“They say this house is haunted, now that she’s gone.” Quinton gave a great shudder, and was still. He then continued. “They say that the house groans even when the winds are not blowing. They say—”
“Who cares what they say?” the Usul responded with a sneer. “They’ll all think we’re heroes, once we go into the house and come back out alive. We’ll prove them all wrong.”
“I’m having second thoughts,” Quinton stated sheepishly, staring at his feet.
“What? Oh, c’mon, don’t chicken out now, Quinton.” The Usul looked slightly vexed. “It was your idea in the first place anyways!”
“Yeah, but I never realized how creepy this house really is!” Quinton shot back. The fear was still glowing in his eyes.
“You are such a baby,” the Usul snarled.
“I’m just being cautious,” Quinton replied softly.
“What, do you honestly think that old bat is going to rise up and haunt us? I don’t believe in ghosts. There is nothing in that house. We have to prove everyone wrong. We’ll be heroes for it.”
“Why do you care so much about being a hero?” Quinton asked. “As long as I’ve known you, Nathan, that’s all you’ve ever cared about.”
Nathan turned to him with a look of sheer unbelief. “Are you joking?” he spat. “Why wouldn’t you want to be a hero?”
Quinton made no response.
The Usul took several steps towards the house. “Well, are you coming or not?” he asked, turning back to Quinton. The Grundo sighed.
“I guess,” he murmured.
The two made their way up the steps of the front porch. Each step creaked loudly as they did so. Quinton suddenly found his heart throbbing in his ears. Nathan pushed open the front doors, and within moments they were in the dusty darkness of the house’s foyer.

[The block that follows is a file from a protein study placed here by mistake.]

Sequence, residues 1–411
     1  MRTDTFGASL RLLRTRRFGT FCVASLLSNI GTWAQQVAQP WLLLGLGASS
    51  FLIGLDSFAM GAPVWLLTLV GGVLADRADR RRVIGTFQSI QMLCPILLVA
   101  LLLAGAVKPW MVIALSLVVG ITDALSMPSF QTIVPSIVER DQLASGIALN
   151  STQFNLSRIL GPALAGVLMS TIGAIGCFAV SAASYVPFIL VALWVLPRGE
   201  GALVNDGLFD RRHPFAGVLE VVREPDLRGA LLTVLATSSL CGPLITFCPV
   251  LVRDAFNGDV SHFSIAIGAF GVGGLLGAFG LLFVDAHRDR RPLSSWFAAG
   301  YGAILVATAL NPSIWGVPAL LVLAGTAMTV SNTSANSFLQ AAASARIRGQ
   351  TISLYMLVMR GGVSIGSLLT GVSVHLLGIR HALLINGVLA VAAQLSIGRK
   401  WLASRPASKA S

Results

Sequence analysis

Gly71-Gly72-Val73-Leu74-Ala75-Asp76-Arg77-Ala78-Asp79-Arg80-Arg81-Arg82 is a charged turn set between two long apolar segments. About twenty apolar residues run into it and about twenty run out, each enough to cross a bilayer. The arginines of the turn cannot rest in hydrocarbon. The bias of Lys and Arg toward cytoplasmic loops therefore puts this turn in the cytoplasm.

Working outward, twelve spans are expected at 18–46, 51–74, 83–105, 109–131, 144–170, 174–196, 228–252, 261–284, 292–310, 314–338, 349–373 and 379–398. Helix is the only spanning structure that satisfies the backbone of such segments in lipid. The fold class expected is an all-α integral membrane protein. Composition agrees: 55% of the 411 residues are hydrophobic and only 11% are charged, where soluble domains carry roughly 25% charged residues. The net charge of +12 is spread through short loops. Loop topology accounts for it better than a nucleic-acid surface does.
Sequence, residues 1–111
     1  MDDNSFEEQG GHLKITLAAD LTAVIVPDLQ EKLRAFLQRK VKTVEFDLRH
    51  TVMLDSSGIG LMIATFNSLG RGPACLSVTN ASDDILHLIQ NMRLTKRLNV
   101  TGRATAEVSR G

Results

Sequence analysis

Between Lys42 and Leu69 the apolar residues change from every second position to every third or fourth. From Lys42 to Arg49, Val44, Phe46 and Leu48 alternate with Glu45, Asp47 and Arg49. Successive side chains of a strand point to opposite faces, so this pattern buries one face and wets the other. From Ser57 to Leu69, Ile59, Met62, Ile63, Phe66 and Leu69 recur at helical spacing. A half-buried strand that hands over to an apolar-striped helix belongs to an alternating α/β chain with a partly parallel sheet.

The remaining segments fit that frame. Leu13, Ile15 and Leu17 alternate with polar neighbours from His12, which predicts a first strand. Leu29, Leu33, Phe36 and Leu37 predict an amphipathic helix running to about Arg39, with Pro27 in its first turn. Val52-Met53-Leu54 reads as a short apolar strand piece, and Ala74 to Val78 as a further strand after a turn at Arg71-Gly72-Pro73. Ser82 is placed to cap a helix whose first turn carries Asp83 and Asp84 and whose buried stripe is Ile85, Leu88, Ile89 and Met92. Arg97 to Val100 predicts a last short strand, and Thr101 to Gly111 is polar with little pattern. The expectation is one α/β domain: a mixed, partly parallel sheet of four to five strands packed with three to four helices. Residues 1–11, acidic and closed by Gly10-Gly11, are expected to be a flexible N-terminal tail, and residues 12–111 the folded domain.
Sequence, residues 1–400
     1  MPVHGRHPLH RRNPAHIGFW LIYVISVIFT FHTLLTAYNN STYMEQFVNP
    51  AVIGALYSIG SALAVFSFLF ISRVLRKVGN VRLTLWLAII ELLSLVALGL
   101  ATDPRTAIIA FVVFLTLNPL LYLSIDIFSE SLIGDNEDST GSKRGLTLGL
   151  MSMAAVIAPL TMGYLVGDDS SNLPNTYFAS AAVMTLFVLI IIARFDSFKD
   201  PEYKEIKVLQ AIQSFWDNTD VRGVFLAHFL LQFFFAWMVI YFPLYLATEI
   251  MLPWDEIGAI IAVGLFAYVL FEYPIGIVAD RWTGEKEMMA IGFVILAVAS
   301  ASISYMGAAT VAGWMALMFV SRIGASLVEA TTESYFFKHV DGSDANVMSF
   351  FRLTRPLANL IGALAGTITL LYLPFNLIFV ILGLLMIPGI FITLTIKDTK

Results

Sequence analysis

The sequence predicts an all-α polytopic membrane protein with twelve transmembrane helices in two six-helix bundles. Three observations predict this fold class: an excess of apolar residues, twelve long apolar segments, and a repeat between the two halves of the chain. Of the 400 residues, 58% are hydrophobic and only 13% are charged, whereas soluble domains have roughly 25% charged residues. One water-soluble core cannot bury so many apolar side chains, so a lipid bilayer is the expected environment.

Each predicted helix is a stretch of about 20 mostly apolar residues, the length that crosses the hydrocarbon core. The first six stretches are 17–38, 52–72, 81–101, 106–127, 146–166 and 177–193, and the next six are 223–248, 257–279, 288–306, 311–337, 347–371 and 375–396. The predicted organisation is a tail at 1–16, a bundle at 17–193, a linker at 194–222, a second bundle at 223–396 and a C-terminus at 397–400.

“How are we going to prove we went in?” Quinton whispered.
“We will prove it,” Nathan replied confidently, without lowering his voice, “by taking something.”
Quinton froze. “There is no way you are going to steal something from a dead woman’s house,” he breathed.
“What, are you going to stop me?”
Quinton mumbled something about bad luck and disrespect, but raised no further protest. Nathan, satisfied, continued through the foyer. The room was filled with cobwebs and smelt of must and age. Nathan ignored these obstacles, and Quinton followed closely behind him, having no intention to be left behind.
At the present, they were able to see from the moonlight that was reflected through the windows. As they entered the next room, however, Quinton realized the moonlight did not extend here – they would not be able to see.
“I can’t see a thing,” Nathan suddenly replied.
“Let’s go back then—”
There was a clink of metal, the scratch of a match, and suddenly there was light. Nathan was clutching a candleholder, in which rested a stub of wax with a miniscule wick. Regardless, it was lit, and produced enough light for the two of them to see.
“There is no turning back,” Nathan said, smiling, his teeth glistening in the candlelight. Quinton repressed a shudder.
“Why can’t we just take the candleholder as proof?” the Grundo suddenly interjected, his voice still a whisper.
“Because,” Nathan snapped, “we got it in this room. Anyone could just walk in here and take it. We need something that will prove we went deep inside the house.”
The two intruders continued their trek through the house in silence, only permeated by the sounds of their breathing. The deeper they went, the dustier the air became. A detail Quinton picked up on was that nearly every wall of the home was covered in paintings. Some were dusty, and many were covered in cobwebs, and the sheer quantity of them gave Quinton the creeps.
One he passed depicted a Dark Faerie, her lips twisted in an unsightly frown, her winged staff extended in one hand, her eyes smoldering with unspoken malice. The very sight of it sent chills tumbling up his spine. He could not quite get the look of her face out of his mind, and every time he blinked, he could swear he saw her staring at him from the back of his eyelids.